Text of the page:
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Calhoun-El v. Parker

United States District Court, D. Maryland

September 29, 2014

JAMES CALHOUN-EL, # 160083 Plaintiff,


RICHARD D. BENNETT, District Judge.

Pending is James Calhoun-El Complaint pursuant to 42 U.S.C. § 1983, presenting claims arising from his five-hour confinement in a holding cell at the Circuit Court for Montgomery County, Maryland on September 4, 2014. He is requesting $20, 000 in compensatory and $20, 000 in punitive damages. Calhoun-El has also filed a Motion to Proceed in Forma Pauperis which will be granted for the purpose of preliminary review of the Complaint.


On September 4, 2014, Calhoun-El, who is an inmate at Western Correctional Institution ("WCI"), was awaiting a court hearing in Montgomery County.[1] Calhoun-El claims Sheriff Parker, who is sued in his individual capacity, ordered him stripped searched and to turn over his legal documents to be searched. (ECF 1, Ex. 1, pp. 2-3). Parker told Calhoun-El that his legal papers would not be returned to him while he was awaiting his court hearing. Calhoun-El states he informed Parker that he needed his legal papers. According to Calhoun-El, Parker told another inmate that Calhoun-El is a "cop killer" and will never get out of prison. (ECF 1-1 p. 3). Calhoun-El states that when returned to WCI, he noticed "numerous" legal documents had been lost or destroyed by Parker. Calhoun-El claims Parker violated his First Amendment rights.


Calhoun-El filed his complaint under 28 U.S.C. § 1915, which permits an indigent litigant to commence an action in federal court without prepaying the filing fee. To protect against possible abuses of this privilege, the statute requires a court to dismiss any claim that fails to state a claim on which relief may be granted." 28 U.S.C. § 1915(e)(2)(B)(ii).

This Court is mindful of its obligation to liberally construe the pleadings of pro se litigants such as Calhoun-El. See Erickson v. Pardus, 551 U.S. 89, 94 (2007). In evaluating a pro se complaint, a plaintiff's allegations are assumed to be true. Id. at 93 (citing Bell Atlantic Corp. v. Twombly, 550 U.S. 544, 555-56 (2007)). Nonetheless, liberal construction does not mean that a court can ignore a clear failure in the pleading to allege facts which set forth a claim cognizable in a federal district court. See Weller v. Dep't of Soc. Servs., 901 F.2d 387 (4th Cir. 1990); see also Beaudett v. City of Hampton, 775 F.2d 1274, 1278 (4th Cir. 1985) (stating a district court may not "conjure up questions never squarely presented").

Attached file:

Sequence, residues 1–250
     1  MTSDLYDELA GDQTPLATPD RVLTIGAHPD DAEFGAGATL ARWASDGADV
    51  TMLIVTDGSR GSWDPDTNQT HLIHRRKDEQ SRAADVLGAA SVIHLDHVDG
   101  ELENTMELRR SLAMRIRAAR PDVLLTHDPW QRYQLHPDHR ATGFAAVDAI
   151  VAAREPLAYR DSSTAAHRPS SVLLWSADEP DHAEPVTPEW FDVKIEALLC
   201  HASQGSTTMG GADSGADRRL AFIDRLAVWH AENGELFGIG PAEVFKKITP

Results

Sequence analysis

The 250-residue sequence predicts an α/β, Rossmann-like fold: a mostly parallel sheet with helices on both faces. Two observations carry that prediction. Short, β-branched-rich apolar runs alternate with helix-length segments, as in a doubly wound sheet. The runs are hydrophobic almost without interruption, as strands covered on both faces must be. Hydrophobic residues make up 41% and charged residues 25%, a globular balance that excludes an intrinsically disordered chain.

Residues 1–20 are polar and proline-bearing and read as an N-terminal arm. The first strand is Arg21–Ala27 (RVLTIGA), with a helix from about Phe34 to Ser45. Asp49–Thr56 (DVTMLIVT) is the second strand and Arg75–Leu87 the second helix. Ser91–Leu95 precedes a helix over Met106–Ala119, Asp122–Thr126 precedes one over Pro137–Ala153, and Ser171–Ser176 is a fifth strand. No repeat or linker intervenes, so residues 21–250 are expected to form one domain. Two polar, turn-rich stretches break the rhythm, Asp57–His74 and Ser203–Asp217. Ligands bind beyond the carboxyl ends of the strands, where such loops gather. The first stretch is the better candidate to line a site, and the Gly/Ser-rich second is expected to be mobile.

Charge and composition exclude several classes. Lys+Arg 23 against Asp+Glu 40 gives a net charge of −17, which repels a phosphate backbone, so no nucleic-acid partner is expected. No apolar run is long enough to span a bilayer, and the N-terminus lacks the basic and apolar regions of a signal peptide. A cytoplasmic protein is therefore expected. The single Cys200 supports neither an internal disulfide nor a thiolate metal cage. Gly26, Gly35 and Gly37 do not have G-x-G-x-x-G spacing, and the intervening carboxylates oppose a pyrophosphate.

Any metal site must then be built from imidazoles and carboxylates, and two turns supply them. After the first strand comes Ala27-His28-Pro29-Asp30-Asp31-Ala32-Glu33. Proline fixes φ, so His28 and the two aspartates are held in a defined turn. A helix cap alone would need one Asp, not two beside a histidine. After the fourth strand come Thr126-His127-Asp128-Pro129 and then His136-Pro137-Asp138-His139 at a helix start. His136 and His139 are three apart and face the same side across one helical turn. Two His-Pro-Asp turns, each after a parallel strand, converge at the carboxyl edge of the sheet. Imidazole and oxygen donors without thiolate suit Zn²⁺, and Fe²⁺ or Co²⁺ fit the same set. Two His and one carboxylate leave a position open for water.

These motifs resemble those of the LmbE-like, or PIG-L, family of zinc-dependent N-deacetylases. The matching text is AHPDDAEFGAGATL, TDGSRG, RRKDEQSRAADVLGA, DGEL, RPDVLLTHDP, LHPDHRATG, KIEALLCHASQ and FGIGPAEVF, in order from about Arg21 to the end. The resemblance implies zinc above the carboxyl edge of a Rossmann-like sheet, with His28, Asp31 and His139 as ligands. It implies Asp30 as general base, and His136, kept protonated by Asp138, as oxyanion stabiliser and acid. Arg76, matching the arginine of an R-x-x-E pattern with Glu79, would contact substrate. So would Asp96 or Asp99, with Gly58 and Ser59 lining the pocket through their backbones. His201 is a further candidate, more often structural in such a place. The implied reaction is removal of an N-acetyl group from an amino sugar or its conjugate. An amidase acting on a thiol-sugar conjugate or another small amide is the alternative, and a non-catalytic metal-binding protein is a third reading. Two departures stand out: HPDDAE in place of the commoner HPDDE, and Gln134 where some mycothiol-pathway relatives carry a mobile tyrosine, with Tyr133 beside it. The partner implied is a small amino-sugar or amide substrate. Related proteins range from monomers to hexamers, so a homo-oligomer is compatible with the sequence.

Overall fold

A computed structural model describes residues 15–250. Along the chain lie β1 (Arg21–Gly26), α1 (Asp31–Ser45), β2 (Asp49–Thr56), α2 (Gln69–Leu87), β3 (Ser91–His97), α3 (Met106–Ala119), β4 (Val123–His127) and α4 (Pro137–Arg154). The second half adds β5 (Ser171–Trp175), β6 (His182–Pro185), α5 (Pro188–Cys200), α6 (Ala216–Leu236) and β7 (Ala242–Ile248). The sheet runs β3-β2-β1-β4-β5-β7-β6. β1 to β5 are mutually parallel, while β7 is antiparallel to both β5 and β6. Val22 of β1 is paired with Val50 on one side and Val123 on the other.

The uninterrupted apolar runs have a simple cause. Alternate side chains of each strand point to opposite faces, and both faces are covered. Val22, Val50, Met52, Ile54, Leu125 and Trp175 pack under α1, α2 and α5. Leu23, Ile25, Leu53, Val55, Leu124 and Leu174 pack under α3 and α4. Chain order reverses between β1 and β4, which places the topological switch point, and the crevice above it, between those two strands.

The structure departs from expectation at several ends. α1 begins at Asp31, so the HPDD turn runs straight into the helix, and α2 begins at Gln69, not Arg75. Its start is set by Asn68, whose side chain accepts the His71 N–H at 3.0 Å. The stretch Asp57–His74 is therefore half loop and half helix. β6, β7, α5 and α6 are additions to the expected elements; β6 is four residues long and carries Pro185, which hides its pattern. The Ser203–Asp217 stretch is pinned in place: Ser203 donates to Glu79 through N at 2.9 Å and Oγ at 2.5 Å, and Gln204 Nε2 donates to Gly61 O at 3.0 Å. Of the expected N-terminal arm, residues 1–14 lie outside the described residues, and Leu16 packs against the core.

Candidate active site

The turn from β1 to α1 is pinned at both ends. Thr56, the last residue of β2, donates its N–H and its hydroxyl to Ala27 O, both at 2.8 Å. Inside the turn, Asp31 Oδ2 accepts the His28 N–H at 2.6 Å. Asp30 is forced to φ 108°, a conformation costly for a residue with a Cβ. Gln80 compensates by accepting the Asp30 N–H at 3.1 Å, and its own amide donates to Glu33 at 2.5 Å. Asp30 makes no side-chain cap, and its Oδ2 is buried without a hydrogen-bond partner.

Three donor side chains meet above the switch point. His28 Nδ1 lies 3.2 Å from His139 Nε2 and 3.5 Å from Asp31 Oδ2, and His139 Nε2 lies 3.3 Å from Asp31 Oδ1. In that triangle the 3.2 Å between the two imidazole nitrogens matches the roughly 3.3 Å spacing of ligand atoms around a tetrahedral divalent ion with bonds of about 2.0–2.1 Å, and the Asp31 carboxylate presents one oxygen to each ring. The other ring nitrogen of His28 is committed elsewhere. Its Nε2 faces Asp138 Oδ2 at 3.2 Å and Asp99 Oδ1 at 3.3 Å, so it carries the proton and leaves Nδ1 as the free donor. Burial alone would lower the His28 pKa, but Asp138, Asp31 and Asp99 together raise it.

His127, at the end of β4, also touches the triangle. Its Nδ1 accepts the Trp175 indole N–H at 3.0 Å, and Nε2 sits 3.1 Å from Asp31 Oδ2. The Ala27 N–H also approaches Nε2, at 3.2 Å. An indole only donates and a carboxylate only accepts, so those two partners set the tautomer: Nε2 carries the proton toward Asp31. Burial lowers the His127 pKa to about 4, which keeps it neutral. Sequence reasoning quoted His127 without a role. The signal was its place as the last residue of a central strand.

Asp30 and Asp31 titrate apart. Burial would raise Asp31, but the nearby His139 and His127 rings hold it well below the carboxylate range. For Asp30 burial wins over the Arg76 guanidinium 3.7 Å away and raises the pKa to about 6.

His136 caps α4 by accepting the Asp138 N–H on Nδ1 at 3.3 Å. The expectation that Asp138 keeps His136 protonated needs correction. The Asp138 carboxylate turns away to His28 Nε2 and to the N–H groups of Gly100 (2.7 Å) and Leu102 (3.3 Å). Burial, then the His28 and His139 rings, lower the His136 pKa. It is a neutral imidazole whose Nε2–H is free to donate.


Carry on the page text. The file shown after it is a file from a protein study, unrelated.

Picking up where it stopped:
Calhoun-El is a frequent pro se litigator in this court and has raised denial of access claims in other cases.[2] Thus, Calhoun is undoubtedly aware the right of access to the courts guarantees the right to bring to court a grievance, and violation of that right occurs only when an inmate is "hindered [in] his efforts to pursue a legal claim." Lewis v. Casey, 518 U.S. 343, 355 (1996). To present a claim of denial of access to the courts, the inmate cannot rely on conclusory allegations; he must identify with specificity an actual injury resulting from official conduct. See Cochran v. Morris, 73 F.3d 1310, 1317 (4th Cir. 1996). "Ultimately, a prisoner wishing to establish an unconstitutional burden on his right of access to the courts must show actual injury' to the capability of bringing contemplated challenges to sentences or conditions of confinement before the courts.'" O'Dell v. Netherland, 112 F.3d 773, 776 (4th Cir. 1997), quoting Lewis, 518 U.S. at 355. Actual injury requires that the inmate demonstrate that his "nonfrivolous" postconviction or civil rights legal claim has been "frustrated" or "impeded." Lewis, 518 U.S. at 353-55.

In this matter, Calhoun-El claims Parker violated his First Amendment rights by depriving him of access to the courts. However, Calhoun-El does not state any actual injury resulted from the alleged denial of access to his legal papers for five hours. He does not specify which documents were lost or destroyed. Further, he does not specify the nature of his legal materials, why he needed them in the holding cell, or why his inability to access them in the holding cell impeded legal proceedings. Notably, Calhoun does not allege the lack of access to documents hindered him at his hearing or caused him to miss a filing deadline. In sum, his vague and conclusory allegations are insufficient to state a constitutional claim.

Insofar as Calhoun-El intends to raise claims for loss of property, he has failed to raise a claim cognizable federal action. Deprivation of personal property as alleged here does not offend due process if due process is satisfied by adequate post-deprivation state remedies. See Parratt v. Taylor, 451 U.S. 527, 543 (1981), overruled on other grounds by Daniels v. Williams, 474 U.S. 327 (1986). The right to seek damages and injunctive relief in Maryland courts constitutes an adequate post-deprivation remedy.

This case is frivolous, vexatious, and fails to state a claim upon which relief may be granted. Consequently, Calhoun-El will be assigned a "strike" under 28 U.S.C.§ 1915(g), which occasions, the prisoner has filed an action in federal court that was dismissed as frivolous, malicious, or for failure to state a claim upon which relief may be granted, unless the prisoner is under imminent danger of physical injury. This will be Calhoun-El's second strike under 28 U.S.C. § 1915(g).[3]


This case will be denied with prejudice as frivolous and a strike will be assigned to Calhoun-El under 28 ...

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